The social relationships of wobbegong sharks are more complex than previously thought. (Photo: Robert Harcourt)


Wobbegongs have more complex social lives than we thought

IMOS Animal tracking observations reveal that groupings of spotted wobbegong sharks, once thought to be chance occurrences, are now believed to reflect far more complex social relationships.

Researchers studying spotted wobbegongs in Sydney have found that these sharks gather in social groups rather than associating randomly or according to the amount of food available.

The study, led by researchers at Macquarie University, reveals the potentially damaging consequences of fishing on shark populations – as, instead of randomly catching individuals, important members of social networks could be removed.

“If these aggregations are not random but in fact reflect more complex social relationships, then the impacts from historical fishing may not be random, but may have continuing consequences,” said Nicolette Armansin, an animal behaviour expert who led the research.

“Wobbegongs are a large bottom-dwelling ambush predator often found in large groups close to shore where they have been heavily exploited – the last place most people would have encountered one was at their local fish and chip shop,” she said.

IMOS data

Data was collected from the IMOS Animal tracking network of acoustic receivers, to track the movements and associations of individual sharks in Cabbage Tree Bay Aquatic Reserve in Manly on the northern beaches of Sydney, New South Wales.

They found that groupings were not sex- or age-related, meaning younger animals may not be sticking together for safety.

With the stability of these aggregations not yet known, removing individuals from a group could have a significant impact.

Higher-order thinking

The study, which has been ongoing for over a decade, found that sharks grouped together with preferred partners, even in different areas across the reserve, while others never associated.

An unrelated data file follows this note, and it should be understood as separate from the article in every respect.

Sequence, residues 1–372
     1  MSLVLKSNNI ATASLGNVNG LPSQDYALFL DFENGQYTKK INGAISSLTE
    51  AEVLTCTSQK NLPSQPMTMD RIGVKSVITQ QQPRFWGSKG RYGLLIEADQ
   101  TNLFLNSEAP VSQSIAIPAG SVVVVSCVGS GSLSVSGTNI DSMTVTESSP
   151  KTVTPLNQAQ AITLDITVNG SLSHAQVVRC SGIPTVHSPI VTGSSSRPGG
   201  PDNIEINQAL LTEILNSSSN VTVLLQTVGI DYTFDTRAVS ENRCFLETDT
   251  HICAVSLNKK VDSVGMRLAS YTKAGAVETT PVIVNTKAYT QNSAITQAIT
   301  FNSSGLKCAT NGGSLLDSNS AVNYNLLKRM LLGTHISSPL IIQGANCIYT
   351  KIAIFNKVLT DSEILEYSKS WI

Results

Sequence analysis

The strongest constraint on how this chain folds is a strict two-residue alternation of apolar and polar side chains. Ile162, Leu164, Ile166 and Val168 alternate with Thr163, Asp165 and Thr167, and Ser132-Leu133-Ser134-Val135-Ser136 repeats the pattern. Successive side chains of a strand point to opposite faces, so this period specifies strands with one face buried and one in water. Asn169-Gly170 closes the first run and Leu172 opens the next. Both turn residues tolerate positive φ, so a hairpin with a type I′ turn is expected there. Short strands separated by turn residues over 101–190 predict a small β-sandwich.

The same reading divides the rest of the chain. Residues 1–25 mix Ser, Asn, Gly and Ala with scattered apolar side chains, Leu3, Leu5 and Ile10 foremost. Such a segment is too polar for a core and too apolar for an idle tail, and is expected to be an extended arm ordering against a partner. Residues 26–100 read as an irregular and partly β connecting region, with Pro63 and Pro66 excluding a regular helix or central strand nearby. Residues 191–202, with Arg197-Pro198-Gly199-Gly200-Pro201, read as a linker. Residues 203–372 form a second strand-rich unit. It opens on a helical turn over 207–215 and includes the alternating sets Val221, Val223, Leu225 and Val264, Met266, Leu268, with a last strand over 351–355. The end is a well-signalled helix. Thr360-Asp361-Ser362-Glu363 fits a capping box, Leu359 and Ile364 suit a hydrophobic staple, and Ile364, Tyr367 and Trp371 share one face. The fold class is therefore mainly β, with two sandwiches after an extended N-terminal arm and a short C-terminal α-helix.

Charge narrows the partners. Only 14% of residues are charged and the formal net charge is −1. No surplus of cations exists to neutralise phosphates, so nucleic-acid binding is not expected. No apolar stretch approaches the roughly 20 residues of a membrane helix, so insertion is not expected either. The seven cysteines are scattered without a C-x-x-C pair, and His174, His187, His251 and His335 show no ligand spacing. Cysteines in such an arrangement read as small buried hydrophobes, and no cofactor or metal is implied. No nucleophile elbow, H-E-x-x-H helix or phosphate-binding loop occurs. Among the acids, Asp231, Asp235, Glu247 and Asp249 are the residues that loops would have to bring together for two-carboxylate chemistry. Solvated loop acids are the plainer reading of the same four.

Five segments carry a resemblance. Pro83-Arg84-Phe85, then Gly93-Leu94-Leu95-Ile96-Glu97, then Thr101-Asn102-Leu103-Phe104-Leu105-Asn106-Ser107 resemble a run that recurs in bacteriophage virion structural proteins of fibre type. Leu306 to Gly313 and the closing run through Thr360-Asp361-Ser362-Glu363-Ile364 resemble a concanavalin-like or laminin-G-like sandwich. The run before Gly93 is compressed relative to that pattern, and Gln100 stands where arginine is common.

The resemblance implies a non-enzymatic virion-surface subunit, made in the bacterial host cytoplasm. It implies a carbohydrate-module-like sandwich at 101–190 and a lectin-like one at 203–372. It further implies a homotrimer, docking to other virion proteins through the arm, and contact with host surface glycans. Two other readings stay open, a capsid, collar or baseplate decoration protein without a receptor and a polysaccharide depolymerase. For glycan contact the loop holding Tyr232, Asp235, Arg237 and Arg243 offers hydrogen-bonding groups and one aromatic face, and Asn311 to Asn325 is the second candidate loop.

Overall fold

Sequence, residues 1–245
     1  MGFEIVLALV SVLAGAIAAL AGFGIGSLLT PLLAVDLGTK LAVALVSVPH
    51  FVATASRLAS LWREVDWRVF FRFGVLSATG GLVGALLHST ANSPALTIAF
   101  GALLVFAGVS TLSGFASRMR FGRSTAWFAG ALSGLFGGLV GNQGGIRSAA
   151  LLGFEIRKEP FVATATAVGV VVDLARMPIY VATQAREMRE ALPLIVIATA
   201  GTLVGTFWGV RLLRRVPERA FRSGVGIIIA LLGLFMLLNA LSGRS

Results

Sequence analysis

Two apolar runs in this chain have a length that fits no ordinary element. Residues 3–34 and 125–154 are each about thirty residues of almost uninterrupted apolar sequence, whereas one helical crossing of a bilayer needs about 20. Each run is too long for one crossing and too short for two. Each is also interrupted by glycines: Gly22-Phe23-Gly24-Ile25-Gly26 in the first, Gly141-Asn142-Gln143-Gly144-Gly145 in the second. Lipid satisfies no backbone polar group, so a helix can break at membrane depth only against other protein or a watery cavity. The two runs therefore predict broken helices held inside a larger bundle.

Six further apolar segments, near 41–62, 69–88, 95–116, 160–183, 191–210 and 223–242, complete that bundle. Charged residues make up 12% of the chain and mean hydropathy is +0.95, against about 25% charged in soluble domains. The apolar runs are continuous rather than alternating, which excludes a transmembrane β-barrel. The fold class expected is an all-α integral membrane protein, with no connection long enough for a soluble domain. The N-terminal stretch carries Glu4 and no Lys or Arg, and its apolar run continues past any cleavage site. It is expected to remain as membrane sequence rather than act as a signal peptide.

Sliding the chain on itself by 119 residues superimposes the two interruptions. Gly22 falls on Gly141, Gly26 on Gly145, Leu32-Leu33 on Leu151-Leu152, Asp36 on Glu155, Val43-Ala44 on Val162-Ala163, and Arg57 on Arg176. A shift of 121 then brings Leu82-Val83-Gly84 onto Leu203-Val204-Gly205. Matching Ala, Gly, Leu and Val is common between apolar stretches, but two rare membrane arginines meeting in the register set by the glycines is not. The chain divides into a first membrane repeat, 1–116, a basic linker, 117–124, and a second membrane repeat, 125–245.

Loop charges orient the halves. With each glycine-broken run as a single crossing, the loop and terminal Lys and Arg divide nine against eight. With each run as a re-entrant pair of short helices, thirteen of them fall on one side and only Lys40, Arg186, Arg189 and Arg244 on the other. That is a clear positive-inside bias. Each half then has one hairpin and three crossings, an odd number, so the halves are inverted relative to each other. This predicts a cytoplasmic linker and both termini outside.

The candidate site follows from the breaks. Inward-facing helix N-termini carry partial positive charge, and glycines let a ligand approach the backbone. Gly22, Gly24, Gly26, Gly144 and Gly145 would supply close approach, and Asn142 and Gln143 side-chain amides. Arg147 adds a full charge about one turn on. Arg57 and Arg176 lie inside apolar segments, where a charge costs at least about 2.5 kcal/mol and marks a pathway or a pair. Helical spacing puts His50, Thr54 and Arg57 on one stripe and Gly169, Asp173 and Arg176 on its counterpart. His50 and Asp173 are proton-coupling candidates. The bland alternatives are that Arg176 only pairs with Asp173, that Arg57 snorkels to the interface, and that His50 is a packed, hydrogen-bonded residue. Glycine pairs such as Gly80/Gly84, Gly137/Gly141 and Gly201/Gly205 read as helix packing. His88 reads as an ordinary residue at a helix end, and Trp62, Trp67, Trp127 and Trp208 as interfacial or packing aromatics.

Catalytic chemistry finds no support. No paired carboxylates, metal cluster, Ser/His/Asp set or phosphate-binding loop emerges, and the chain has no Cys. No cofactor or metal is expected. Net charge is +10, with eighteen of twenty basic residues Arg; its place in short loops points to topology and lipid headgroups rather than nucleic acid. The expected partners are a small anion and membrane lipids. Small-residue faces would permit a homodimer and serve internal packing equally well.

“What we found was a complex network of associations,” said Robert Harcourt, leader of the IMOS Animal tracking facility and co-author of the paper.

The findings were published this month in the journal Animal Behaviour, and suggest that even lone predators such as as the wobbegong could demonstrate complex social relationships.

“Social behaviour might be expected in sharks that feed together on large schools of fish, but the existence of these associations in even bottom-dwelling predators that individually ambush their prey points to a much higher level of social complexity than previously imagined, and to possible common evolutionary mechanisms across multiple animal groups,” said Harcourt, who added that sharks are a far more complex species than we understand.

“Like mammals, birds and reptiles, it appears that sharks inhabit a far richer social world than we would have imagined, or deemed necessary,” he said.

These same wobbegongs, when not at Cabbage Tree Bay Aquatic Reserve in Manly, have been recorded moving up and down the coast on IMOS Animal Tracking acoustic lines. They have been recorded out to  the edge of the continental slope in waters 200m deep at the very end of the  IMOS Animal Tracking Acoustic Bondi line.


This news item has been adapted from an article by George Meredith in 'Australian Geographic', 4 May 2016.

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Wobbegong sharks (Photo: Robert Harcourt)

Wobbegong sharks (Photo: Robert Harcourt)